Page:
Sharks

Sharks

It wasn’t supposed to be an issue this season. In fact, it was supposed to be a strength.

But the Sharks’ depth scoring beyond their main core is their biggest concern headed into the final two-and-a-half weeks of the regular season.

Entering Tuesday night’s game with the Wild, the Sharks feature just four players that have reached double digits in goals – Joe Pavelski (28), Brent Burns (27), Logan Couture (25) and Patrick Marleau (23). That’s a league low. Even two of the worst teams in the league, Colorado and New Jersey, have five players that have scored at least 10 goals.

Among teams that are thought to be contenders, though, the Sharks’ number looks even sadder. Washington can boast of 11 players in double-digit goals, as can the Wild and Blue Jackets. Pittsburgh and the Rangers have 10 apiece, while the Ducks (9) and Blackhawks (7) have also shown to have better scoring depth than San Jose. Calgary, while probably not a true contender just yet, leads the league with 12.

Lately, of course, no one is scoring goals for San Jose, which has just two in its last three games – one of which came on a two-man advantage.

But instead of some role players picking up the slack for guys like Burns (no points in his last six games and no goals in his last 13), and Marleau (one goal in his last 11 games), the support just hasn’t been there. And it hasn't been for most of the season.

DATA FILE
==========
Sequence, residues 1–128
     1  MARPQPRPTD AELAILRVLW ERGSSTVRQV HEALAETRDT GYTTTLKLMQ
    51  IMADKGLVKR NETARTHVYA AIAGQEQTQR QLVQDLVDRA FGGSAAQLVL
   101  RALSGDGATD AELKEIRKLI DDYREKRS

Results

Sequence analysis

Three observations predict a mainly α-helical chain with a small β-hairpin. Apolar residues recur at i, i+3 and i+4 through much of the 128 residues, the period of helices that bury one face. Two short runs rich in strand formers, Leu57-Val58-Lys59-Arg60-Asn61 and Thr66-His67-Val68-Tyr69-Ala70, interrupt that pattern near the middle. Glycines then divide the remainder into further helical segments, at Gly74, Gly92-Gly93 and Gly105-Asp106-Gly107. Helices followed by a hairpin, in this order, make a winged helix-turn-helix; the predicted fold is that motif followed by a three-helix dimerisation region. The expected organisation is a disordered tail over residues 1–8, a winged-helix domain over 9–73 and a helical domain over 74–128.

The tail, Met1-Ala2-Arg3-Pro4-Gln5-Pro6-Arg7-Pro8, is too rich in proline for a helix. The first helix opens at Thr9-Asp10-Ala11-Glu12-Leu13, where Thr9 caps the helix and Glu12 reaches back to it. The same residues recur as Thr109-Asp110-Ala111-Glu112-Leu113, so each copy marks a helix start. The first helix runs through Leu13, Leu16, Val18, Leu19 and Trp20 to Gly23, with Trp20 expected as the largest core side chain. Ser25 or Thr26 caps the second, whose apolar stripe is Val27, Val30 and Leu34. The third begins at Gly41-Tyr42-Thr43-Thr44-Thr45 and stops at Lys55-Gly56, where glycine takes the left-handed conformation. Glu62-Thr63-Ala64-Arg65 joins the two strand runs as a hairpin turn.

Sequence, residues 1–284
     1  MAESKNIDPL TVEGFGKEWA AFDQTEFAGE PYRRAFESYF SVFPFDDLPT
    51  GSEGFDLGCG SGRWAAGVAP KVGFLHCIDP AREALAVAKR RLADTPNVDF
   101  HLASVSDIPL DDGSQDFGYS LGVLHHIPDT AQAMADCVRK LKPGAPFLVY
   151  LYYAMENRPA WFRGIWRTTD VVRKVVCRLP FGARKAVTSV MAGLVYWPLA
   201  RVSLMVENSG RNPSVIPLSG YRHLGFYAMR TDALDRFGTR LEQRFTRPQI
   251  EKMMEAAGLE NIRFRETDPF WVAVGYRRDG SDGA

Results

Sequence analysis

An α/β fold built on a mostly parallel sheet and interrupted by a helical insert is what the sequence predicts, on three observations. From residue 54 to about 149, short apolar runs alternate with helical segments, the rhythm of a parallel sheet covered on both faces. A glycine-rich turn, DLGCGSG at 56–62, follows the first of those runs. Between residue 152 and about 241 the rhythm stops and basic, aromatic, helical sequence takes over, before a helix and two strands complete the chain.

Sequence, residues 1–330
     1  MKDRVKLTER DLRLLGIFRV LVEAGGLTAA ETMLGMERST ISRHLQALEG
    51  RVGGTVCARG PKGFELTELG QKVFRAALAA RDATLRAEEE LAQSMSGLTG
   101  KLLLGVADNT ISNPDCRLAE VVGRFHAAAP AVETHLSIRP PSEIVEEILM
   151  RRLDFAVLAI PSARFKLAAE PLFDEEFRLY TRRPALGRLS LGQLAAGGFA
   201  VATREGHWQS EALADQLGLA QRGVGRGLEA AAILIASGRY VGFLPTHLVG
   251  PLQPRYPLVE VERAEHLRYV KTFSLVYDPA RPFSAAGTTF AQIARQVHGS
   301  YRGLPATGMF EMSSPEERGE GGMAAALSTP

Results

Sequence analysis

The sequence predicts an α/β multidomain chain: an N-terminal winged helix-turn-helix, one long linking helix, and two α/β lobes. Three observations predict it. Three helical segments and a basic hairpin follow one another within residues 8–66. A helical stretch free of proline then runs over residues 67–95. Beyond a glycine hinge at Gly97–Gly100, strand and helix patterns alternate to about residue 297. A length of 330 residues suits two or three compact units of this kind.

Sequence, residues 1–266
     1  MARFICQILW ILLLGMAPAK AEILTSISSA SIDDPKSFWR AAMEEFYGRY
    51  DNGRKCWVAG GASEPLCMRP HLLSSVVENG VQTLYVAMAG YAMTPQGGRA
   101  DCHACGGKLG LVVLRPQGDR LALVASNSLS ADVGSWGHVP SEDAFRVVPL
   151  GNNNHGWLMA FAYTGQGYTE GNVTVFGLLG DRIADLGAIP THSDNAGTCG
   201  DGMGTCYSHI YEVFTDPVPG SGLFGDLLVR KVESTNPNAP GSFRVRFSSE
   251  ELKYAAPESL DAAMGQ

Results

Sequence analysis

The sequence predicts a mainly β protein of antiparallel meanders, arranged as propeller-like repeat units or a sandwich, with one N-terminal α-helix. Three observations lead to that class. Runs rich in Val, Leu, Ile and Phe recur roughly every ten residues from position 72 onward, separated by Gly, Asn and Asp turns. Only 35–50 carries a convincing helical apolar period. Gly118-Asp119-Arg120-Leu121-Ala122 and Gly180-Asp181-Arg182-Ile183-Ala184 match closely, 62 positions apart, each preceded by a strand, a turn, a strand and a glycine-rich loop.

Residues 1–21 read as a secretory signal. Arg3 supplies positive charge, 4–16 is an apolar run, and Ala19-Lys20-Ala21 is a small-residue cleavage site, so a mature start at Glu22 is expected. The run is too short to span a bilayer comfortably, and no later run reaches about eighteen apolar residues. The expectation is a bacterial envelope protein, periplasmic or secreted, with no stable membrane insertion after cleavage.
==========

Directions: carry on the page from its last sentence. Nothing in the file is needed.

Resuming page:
Prior to Jannik Hansen’s injury, Tomas Hertl was centering Joonas Donskoi and Mikkel Boedker, which, before the season started, would have seemed like a great combination on paper for a third line.

 

Hertl, though, has no points in his last nine games, and just four goals and five assists for nine points in 23 games since returning from his latest right knee surgery. Four years into his NHL career, the Sharks could be faced with the possibility that the 23-year-old has hit his ceiling, and it’s lower than originally expected after his burst onto the scene in his rookie year.

Donskoi hasn’t been very effective since returning from what looked like a shoulder injury on March 6, not yet finding the scoresheet in the eight games since. Boedker shows flashes of effectiveness, but he, too, is scoreless in his last seven games and has had an underwhelming first season in teal.

Fourth line center Chris Tierney, meanwhile, has just three points in his last 19 games, which is two fewer than frequent linemate Micheal Haley (2g, 3a).

Conversely, the Sharks’ top scorers are among the best players in the league, and they are one of just seven teams with four 20-goal scorers. They’re also gotten a more effective Joe Thornton lately, who has eight points (1g, 7a) in his last eight games aided in part by Hansen’s arrival.

The playoffs, though, are all about depth. In fact, the Sharks’ run last season was the perfect example of that – in the first three rounds, they did a wondrous job shutting down the top scorers on the Kings, Predators and Blues, while getting contributions from guys like Donskoi, Tierney and Joel Ward. Eventually they ran into a Pittsburgh club that was noticeably faster, but also deeper. Pete DeBoer has mentioned countless times that the Penguins having Phil Kessel on the third line was something that the Sharks just couldn’t contend with.

That’s one reason Boedker was brought in, and it’s also why DeBoer recently agreed with a suggestion that he’s “wedded” to Hertl playing in the third line center role.

“Yeah, I’m wedded to that. I think we have to be deep up the middle. The good teams all are,” DeBoer said on March 15.

The good teams also get more scoring from their depth. Many of those guys on the Sharks have to step up and do more, and soon.